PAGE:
I can’t think of a time I’ve given my mother a gift that she’s kept. I thought I’d finally succeeded last year, when I presented her with a comfortable warm jacket. I’d bought the same style for myself and I knew how perfect it was. For her I selected different colors than mine, neutral tones like she always favored (Mom is the queen of beige). She seemed charmed when she opened the box. Grateful even. It was at least a week before she confessed to me that the jacket didn’t really suit her. She loved it but wouldn’t be wearing it, and she was sure there was someone else I knew who could use it. She brooked no argument. She pushed the garment into my hands and changed the subject.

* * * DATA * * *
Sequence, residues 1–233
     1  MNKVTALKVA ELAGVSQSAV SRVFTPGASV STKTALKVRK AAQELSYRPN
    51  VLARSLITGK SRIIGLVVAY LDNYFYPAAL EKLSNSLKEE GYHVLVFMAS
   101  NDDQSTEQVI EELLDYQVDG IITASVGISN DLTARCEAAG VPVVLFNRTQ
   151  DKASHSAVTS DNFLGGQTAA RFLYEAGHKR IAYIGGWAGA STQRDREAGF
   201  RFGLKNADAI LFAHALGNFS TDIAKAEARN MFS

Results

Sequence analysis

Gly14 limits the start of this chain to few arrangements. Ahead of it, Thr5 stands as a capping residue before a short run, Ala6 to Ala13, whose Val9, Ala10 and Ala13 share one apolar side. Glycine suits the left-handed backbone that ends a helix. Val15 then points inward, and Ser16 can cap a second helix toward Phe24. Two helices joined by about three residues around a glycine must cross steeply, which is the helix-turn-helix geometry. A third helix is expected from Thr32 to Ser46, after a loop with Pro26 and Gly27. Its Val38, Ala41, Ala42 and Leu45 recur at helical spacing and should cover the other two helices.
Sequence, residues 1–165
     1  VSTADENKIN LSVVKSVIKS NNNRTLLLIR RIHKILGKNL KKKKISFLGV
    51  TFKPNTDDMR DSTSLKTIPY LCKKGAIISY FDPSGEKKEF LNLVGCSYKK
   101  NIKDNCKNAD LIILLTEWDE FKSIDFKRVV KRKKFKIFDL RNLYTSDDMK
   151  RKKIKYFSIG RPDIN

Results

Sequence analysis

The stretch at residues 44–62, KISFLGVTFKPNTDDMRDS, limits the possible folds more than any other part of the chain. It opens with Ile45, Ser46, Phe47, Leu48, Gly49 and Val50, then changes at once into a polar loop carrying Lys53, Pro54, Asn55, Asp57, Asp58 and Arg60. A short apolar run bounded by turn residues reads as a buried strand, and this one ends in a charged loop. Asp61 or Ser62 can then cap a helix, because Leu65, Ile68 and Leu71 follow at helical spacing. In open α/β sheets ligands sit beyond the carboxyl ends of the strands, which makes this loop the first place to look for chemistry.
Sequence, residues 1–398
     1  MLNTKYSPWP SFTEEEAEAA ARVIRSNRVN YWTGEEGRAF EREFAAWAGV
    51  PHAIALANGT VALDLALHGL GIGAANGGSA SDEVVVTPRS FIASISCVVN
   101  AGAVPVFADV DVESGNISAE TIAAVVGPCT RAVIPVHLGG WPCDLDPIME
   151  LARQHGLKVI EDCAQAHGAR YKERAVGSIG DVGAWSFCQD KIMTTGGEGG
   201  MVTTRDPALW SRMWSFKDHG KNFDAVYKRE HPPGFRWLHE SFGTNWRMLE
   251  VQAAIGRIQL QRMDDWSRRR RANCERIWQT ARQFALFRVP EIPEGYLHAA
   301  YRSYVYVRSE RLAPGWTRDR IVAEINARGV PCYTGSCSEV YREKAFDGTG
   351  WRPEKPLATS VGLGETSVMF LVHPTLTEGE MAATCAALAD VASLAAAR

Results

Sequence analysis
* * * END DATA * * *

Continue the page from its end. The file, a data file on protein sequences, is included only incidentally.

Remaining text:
I found a home for the jacket, around the torso of an old friend. But I noted how much it hurt when she returned it to me.

This year I may have carved an inroad. My younger brother came up with an idea for something we three offspring could give her together. Mom asserts that her hearing is fine, except that she builds up wax her otologist removes every three months. She claims that she only uses the closed captioning on her TV set when she’s watching BBC: to understand those accents. But every time we visit, there the captions are, on sports, news, whatever. And both of my brothers (technophiliacs like Dad was, scrambling to acquire the latest in entertainment equipment) assert that her TV audio is poor. So first one brother and then the other recommended that we get her a new auxiliary speaker, designed to improve TV audio quality. I leaped aboard that plan.